[ MONDAY, FEBRUARY 16, 2004 01:53:39 AM ]
A true follower of the Tathagata does not found his trust upon austerities or rituals, but believes in the giving up the idea of self and relies wholeheartedly on amitabha, the unbounded light of truth, says Paul Carus in The Gospel of Buddha.
Two extremes should be avoided by a recluse: indulgence in sensual pleasures and addiction to self-mortification. Abandoning both these extremes the Tathagata has comprehended the Middle Path promoting sight and knowledge and tends to peace, higher wisdom, enlightenment and Nirvana.
What the Buddha spoke at Sarnath in his first sermon, the Dharmachakrapravartana
or Turning of the Wheel of Law, put forth the Middle Way, the Four
Noble Truths and the Eightfold Path. The Buddha said that the way
to salvation was not dependent on God or Divine Grace but on understanding
the way things really are. It is essentially concerned with man,
or rather with all living, suffering beings caught in the treadmill
of desire and craving.
Phra Peter Pannapadipo, an English Monk in Thailand wrote: “By following Buddha’s teachings, I feel profoundly content —with my environment, my life and with everything that life throws at me, including its ending... what more could anybody want?
Buddhism is not centred on a god, rather, it is a system of philosophy and a code of morality. Moreover, the achievement of enlightenment is the goal of every being, so eventually, we will all reach Buddhahood.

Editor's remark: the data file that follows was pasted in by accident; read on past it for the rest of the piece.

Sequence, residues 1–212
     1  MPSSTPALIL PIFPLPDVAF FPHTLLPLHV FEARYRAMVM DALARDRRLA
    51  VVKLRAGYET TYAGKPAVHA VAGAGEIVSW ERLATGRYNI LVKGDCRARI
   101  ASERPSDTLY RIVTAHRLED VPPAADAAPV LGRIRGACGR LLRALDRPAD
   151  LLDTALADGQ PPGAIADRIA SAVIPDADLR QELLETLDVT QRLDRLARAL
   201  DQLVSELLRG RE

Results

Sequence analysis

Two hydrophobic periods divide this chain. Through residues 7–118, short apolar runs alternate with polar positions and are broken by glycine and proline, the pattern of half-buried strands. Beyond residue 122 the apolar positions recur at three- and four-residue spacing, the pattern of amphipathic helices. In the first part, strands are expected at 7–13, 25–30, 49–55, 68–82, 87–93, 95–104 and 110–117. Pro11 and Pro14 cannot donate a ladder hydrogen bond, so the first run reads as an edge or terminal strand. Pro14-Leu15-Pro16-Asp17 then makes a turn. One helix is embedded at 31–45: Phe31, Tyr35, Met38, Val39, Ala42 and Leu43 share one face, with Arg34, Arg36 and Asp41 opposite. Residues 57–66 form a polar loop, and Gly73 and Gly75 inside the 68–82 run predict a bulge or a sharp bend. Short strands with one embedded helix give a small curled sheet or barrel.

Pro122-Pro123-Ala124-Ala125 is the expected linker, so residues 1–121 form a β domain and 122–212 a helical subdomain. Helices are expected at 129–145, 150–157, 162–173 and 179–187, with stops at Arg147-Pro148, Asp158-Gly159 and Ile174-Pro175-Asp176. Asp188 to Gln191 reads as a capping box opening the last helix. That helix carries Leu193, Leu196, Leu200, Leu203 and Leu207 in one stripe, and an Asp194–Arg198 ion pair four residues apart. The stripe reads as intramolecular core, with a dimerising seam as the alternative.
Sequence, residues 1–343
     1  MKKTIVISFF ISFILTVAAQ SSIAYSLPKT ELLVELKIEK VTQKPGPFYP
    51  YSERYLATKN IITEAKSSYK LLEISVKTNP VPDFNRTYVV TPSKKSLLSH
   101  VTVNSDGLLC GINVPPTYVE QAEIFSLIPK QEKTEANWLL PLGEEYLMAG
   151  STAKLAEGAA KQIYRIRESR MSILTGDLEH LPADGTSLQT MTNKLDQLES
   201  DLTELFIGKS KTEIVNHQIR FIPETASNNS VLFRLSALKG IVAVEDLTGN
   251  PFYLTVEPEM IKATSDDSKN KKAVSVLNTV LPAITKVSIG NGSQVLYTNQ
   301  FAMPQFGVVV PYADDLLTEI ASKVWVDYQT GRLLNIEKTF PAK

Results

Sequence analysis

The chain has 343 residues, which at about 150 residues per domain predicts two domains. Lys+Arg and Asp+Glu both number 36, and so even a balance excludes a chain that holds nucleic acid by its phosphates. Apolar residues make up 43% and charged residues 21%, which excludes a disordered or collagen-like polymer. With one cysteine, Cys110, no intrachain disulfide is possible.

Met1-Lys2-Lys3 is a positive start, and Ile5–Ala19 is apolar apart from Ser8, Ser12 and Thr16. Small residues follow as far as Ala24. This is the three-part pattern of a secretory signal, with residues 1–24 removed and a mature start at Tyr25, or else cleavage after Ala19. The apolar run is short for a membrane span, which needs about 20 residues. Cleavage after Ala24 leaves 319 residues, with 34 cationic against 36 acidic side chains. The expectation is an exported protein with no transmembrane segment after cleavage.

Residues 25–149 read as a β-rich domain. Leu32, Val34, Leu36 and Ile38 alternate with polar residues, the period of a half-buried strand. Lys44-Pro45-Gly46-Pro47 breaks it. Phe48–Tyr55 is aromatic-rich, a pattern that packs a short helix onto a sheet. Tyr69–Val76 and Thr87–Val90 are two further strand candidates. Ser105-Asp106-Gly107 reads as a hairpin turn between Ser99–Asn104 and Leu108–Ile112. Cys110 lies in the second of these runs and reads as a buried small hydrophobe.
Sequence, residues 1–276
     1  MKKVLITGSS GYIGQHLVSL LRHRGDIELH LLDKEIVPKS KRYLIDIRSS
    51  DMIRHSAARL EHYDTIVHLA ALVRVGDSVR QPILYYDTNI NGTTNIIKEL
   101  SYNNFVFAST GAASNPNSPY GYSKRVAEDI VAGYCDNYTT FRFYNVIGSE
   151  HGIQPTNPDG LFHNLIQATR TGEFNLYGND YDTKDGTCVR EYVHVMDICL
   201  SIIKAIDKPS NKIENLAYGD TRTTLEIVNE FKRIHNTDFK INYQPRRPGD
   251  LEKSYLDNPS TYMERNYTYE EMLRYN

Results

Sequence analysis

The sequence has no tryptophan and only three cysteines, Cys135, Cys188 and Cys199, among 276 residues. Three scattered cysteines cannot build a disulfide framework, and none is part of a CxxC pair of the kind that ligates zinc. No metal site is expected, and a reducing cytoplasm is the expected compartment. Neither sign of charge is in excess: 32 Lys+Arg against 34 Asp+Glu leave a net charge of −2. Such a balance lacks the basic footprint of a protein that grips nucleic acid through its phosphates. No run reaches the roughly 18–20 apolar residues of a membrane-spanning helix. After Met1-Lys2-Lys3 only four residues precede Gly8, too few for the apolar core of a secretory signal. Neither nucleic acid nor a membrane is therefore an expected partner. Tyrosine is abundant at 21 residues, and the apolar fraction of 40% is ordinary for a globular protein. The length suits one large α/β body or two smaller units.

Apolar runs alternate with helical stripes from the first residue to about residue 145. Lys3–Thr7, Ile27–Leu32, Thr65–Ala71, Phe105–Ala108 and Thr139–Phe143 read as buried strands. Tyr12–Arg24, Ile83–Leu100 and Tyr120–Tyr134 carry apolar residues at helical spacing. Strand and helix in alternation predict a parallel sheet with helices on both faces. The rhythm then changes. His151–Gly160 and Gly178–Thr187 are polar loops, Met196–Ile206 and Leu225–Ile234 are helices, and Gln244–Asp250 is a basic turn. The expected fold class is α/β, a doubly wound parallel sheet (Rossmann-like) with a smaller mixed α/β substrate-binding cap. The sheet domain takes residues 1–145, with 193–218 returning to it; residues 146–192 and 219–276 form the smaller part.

In India, Buddhism evolved and spread rapidly after it was embraced by Emperor Ashoka in the 3rd century B.C. Although Buddhism spread throughout Asia it remained virtually unknown in the West until recent times. Western knowledge of Buddhism emanated through three main channels: the labour of western scholars; the work of philosophers, intellectuals, writers and artists; and the arrival of Asian immigrants who brought various forms of Buddhism with them to America and Europe.
The reasons why the West finds Buddhism attractive are complex, and have as much to do with the cultural history of the West as with the characteristics of Buddhism. One of the most popular western interpretations of Buddhism is that it is a rational philosophy, and materialistic developments in the West have created a climate of science and secular liberation which is favourable to Buddhism.
Few Buddhist doctrines are in direct conflict with science. Recent discoveries in quantum physics suggest that science is slowly coming round to a view of reality not unlike that described in Buddhist philosophy. Works such as Frijof Capra’s The Tao of Physics have revealed interesting parallels between the conceptual worlds of theore-tical physics and eastern thought.
Buddhism is undogmatic, even to the extent of instructing its followers not to accept its teachings uncritically but always to test them in the light of their own experience. Although it asks that its followers take certain basic teachings on trust in the initial stages, and adopt a positive and open-minded attitude, Buddhism is more concerned with the development of understanding than the acceptance of credal formulas. The fact that Buddhism imposes few confessional, ritual, or other requirements on its followers makes it easy to live as a Buddhist in a pluralistic milieu and this minimises the likelihood of overt conflict with secular values.
It would be inadequate to define Buddhism simply as a philosophy, a way of life or a code of ethics. It includes all these things and more: A great deal depends on the perspective of the seeker.